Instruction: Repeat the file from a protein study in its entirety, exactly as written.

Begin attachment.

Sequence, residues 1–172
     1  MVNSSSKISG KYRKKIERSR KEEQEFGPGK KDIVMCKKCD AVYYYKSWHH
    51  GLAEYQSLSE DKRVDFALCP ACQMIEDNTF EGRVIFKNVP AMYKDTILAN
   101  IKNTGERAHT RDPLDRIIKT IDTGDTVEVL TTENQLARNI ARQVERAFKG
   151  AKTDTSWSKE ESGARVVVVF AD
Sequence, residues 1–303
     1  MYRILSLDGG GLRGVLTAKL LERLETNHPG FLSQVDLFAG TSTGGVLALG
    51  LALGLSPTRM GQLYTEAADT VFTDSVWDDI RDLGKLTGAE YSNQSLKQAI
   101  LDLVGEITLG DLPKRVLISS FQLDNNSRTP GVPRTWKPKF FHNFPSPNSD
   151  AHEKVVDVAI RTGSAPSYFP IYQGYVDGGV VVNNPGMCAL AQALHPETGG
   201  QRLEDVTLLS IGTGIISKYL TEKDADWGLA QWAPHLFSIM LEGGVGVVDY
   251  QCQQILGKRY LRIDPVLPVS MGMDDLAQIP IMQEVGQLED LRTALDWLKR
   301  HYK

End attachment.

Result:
Sequence, residues 1–172
     1  MVNSSSKISG KYRKKIERSR KEEQEFGPGK KDIVMCKKCD AVYYYKSWHH
    51  GLAEYQSLSE DKRVDFALCP ACQMIEDNTF EGRVIFKNVP AMYKDTILAN
   101  IKNTGERAHT RDPLDRIIKT IDTGDTVEVL TTENQLARNI ARQVERAFKG
   151  AKTDTSWSKE ESGARVVVVF AD
Sequence, residues 1–303
     1  MYRILSLDGG GLRGVLTAKL LERLETNHPG FLSQVDLFAG TSTGGVLALG
    51  LALGLSPTRM GQLYTEAADT VFTDSVWDDI RDLGKLTGAE YSNQSLKQAI
   101  LDLVGEITLG DLPKRVLISS FQLDNNSRTP GVPRTWKPKF FHNFPSPNSD
   151  AHEKVVDVAI RTGSAPSYFP IYQGYVDGGV VVNNPGMCAL AQALHPETGG
   201  QRLEDVTLLS IGTGIISKYL TEKDADWGLA QWAPHLFSIM LEGGVGVVDY
   251  QCQQILGKRY LRIDPVLPVS MGMDDLAQIP IMQEVGQLED LRTALDWLKR
   301  HYK